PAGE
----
Each year The Griffin Trust For Excellence In Poetry invites 7 finalists, three Canadian and four International, to read in Toronto at Koerner Hall at The Royal Conservatory of Music in the TELUS Centre for Performance and Learning. The 7 finalists will be awarded $10,000 for their participation in the shortlist readings on May 31st and the winners will be awarded $65,000 each on June 1, 2011.

 

International Shortlist:

Human Chain by Seamus Heaney

Adonis: Selected Poems translated by Khaled Mattawa from the Arabic written by Adonis

The Book of the Snow translated by Philip Mosley from the French written by Francois Jacqmin

Heavenly Questions by Gjertrud Schnackenberg

Canadian Shortlist:

Ossuaries by Dionne Brand

The Irrationalist by Suzanne Buffam

Lookout by John Steffler

The judges on the panel include none other than Tim Lilburn (Canada), Colm Toibin (Ireland) and Chase Twichel (USA). But in order to form my own opinions and hear back from the people I will be reading and reviewing each nominee. So stay tuned for some poetry reviews and please don’t be shy in sharing your opinions as well.

The 2011 Donald Creighton Lecture

David Hackett Fischer (AB Princeton, PhD Johns Hopkins) is a University Professor and Earl Warren Professor of History at Brandeis University. He has won numerous teaching awards and served as a distinguished visitor at several institutions around the world. An influential historical interpreter and gifted narrator, his major works include the much acclaimed Albion’s Seed: Four British Folkways in America (1989, 2009) and the Pulitzer Prize winning Washington’s Crossing (2004).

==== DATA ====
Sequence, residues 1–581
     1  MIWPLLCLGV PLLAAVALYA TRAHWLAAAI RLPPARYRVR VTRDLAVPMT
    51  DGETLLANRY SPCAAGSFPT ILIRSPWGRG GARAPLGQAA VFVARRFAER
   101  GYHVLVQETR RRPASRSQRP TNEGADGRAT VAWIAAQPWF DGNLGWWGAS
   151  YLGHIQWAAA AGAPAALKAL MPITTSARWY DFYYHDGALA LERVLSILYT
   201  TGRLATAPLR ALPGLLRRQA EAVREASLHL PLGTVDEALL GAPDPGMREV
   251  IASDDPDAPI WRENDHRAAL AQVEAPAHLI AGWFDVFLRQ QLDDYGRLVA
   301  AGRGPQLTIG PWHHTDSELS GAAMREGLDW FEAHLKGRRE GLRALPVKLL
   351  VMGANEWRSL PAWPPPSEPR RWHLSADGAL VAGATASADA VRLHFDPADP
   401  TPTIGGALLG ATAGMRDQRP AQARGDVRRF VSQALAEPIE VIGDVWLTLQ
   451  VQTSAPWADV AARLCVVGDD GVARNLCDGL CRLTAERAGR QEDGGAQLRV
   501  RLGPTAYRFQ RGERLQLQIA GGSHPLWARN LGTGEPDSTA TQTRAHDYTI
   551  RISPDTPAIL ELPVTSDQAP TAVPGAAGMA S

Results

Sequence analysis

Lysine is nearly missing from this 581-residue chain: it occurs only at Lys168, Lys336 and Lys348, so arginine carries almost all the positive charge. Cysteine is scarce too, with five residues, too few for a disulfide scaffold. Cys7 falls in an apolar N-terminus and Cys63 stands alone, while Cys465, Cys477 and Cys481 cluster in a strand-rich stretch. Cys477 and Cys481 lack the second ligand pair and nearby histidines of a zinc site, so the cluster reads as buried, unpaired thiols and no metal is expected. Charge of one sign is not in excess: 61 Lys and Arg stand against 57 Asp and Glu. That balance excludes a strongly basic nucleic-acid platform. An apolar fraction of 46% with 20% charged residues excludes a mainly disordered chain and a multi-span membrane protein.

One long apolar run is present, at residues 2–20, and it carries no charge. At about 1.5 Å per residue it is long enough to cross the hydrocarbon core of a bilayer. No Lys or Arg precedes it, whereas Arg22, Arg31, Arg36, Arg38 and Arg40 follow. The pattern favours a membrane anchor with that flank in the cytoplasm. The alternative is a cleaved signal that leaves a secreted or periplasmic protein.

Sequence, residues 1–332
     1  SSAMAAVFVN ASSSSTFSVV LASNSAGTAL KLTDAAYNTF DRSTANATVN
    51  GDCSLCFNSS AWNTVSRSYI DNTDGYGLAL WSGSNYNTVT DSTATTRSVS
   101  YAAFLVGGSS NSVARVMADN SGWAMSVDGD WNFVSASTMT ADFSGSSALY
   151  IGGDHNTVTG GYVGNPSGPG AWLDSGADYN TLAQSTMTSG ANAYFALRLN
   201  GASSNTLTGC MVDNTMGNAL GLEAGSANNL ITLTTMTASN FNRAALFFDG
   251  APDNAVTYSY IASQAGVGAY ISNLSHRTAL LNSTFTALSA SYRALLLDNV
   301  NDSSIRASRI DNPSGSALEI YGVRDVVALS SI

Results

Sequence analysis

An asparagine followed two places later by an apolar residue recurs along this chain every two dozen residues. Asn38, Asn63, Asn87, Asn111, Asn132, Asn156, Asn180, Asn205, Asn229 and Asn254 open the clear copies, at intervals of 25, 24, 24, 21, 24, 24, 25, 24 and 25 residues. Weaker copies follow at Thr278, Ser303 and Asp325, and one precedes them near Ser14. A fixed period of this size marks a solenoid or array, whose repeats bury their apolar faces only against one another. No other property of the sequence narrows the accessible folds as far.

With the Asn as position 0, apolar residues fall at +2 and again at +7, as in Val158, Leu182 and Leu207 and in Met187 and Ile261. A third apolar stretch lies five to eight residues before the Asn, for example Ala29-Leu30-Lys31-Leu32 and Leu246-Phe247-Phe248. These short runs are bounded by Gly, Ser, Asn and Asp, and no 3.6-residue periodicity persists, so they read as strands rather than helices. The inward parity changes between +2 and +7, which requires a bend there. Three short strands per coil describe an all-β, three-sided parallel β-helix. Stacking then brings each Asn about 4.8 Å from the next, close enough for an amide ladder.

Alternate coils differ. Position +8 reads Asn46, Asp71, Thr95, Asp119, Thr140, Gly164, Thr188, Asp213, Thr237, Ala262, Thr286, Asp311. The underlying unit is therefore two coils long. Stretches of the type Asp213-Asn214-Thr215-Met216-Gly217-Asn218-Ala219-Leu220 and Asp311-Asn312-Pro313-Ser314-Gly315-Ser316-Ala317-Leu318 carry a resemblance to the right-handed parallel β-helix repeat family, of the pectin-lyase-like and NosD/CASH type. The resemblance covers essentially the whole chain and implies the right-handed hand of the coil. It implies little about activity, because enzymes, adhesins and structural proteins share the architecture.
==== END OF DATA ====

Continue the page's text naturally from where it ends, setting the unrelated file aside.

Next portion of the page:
Professor Fischer’s Donald Creighton Lecture grows from his latest book, Champlain’s Dream (2008, 2009), which has been enthusiastically received in the USA, Canada and Europe. The French translation, Le Reve de Champlain, is forthcoming from Boreal this spring.

Doors open at 3:30pm, Lecture begins at 4pm

George Ignatieff Theatre, Trinity College

15 Devonshire Place

First-come, first-served basis

Kindly RSVP: history.events@utoronto.ca